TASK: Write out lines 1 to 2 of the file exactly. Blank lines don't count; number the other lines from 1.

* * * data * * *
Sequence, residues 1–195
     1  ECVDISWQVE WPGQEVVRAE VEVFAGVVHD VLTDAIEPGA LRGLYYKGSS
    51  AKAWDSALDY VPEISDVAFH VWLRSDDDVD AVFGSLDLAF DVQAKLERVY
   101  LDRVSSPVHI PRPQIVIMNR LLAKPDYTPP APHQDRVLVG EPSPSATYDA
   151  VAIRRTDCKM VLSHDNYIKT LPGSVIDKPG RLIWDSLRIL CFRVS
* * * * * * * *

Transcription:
Sequence, residues 1–195
     1  ECVDISWQVE WPGQEVVRAE VEVFAGVVHD VLTDAIEPGA LRGLYYKGSS